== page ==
It all starts with happiness. We are dads! We are pumped! We are unstoppable!!! I remember how cool it was to take that baby boy for a first wild stroller ride into the woods next to the hospital where Benni was born. It was July 3rd, Benni was just about 24 hours old, his mom still exhausted. So I decided to take Benni for a ride. The weather was great and mom and the nurses gave me green lights. So we went out and it was so cool. It was the first time that I was alone with my son. It was an awesome feeling to connect with him like that… I felt like I was born for this! Sure thing, no doubt: I was the best dad in the entire world!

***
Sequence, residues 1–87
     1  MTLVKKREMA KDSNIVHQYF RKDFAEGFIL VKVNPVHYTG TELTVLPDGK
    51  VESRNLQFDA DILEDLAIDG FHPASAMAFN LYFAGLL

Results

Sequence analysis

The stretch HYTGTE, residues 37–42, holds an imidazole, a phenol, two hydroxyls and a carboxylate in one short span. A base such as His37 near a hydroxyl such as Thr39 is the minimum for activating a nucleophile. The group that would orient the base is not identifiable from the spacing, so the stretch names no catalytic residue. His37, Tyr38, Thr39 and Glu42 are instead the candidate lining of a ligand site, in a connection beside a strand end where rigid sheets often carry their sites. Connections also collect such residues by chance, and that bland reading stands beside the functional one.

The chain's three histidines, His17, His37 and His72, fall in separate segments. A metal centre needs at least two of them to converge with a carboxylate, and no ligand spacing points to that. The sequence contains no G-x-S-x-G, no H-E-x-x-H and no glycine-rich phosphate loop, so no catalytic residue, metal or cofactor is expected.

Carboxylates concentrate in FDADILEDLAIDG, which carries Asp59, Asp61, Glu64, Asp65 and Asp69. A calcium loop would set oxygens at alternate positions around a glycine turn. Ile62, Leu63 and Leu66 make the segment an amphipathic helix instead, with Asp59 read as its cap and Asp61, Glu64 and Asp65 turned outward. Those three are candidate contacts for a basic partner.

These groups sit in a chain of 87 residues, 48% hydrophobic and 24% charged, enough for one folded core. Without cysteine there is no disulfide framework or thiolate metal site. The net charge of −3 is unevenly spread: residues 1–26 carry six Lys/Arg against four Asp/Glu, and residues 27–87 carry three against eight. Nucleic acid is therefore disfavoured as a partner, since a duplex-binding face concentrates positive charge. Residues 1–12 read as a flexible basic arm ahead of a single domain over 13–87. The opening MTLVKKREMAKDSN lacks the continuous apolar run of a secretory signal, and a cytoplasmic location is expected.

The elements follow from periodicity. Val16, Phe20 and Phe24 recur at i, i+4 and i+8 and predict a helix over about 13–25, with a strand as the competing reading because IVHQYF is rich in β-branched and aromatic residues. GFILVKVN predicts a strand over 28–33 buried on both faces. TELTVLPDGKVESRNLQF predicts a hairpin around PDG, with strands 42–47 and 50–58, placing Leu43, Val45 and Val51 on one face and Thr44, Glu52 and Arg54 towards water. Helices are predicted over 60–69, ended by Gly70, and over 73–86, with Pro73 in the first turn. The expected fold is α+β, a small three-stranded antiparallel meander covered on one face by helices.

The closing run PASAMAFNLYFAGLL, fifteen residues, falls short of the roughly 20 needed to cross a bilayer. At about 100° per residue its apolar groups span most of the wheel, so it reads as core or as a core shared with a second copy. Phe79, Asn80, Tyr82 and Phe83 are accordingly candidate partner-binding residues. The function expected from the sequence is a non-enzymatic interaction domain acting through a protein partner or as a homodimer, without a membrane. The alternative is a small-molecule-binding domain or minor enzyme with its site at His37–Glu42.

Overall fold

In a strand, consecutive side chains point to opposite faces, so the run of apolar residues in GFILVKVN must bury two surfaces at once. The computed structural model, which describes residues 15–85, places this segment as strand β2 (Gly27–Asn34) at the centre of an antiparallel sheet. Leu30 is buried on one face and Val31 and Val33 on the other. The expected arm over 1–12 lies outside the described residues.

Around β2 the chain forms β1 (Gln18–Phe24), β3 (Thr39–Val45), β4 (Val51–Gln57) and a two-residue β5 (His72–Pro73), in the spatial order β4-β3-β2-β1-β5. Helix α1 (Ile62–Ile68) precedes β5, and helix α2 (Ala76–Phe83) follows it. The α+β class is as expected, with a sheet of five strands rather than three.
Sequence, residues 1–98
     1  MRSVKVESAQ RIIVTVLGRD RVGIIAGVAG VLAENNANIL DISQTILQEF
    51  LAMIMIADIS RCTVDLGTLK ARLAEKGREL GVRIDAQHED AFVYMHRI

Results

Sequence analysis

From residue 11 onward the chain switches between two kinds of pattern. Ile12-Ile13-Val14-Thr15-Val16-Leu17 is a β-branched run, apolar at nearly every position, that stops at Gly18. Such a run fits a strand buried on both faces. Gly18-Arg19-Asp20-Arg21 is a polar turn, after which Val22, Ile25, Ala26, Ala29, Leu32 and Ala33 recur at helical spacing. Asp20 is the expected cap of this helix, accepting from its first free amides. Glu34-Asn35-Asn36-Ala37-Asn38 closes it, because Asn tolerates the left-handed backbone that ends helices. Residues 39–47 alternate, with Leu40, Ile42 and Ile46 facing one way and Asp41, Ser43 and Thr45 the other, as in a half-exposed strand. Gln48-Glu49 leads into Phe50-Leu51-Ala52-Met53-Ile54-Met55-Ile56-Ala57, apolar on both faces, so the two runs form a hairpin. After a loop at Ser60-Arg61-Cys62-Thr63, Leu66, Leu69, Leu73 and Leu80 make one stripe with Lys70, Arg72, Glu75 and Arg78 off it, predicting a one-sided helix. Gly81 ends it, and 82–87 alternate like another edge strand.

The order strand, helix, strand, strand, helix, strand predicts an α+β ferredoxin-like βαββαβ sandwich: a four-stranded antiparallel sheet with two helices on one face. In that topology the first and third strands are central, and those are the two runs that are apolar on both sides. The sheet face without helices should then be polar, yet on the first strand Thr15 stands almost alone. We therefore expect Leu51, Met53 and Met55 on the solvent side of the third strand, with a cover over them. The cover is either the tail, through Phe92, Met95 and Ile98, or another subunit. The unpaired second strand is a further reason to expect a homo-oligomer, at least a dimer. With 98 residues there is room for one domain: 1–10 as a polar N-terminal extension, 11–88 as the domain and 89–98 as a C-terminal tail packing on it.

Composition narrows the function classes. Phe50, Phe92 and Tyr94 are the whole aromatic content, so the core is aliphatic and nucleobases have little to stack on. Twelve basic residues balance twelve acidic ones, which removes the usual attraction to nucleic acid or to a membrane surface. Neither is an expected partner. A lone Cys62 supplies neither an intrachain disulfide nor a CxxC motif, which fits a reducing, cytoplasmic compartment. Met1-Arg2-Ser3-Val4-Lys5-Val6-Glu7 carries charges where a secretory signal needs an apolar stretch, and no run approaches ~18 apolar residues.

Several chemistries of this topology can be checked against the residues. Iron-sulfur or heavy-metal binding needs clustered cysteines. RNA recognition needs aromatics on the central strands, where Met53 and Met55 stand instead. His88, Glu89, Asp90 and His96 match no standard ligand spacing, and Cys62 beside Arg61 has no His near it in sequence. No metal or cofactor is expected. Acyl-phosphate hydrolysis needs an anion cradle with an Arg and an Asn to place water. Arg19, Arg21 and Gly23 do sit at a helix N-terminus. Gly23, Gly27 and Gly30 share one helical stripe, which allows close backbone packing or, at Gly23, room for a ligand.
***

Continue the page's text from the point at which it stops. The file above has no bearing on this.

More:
I was scaredThe days passed by. We went home and we were a real family. Mom, Dad and Benni. My wife was still on maternity leave, so we could share the work, the responsibility and the fun. It was great! I had enough time to deal with Benni, and I also had time to study for my colleague degree… All was good. However, as closer as we got to that end of my wife’s maternity leave, fear and doubt started to grow. Will I be able to handle ALL this on my own? Feedings this little baby, caring for him the same way we cared for him when we were both at home? Going to the doctor, changing diapers, rock him to sleep? All by myself? Without a teammate? – I was scared! Really!!! I remember how I talked to my wife if she wouldn’t want to extend her maternity leave and take parental leave as well. However, the positive person that she is, she convinced me that I would be able to handle all that. And I did! Not “like we did as a team”, but as good as a single person can. And looking back, I think I figured it out quite nicely.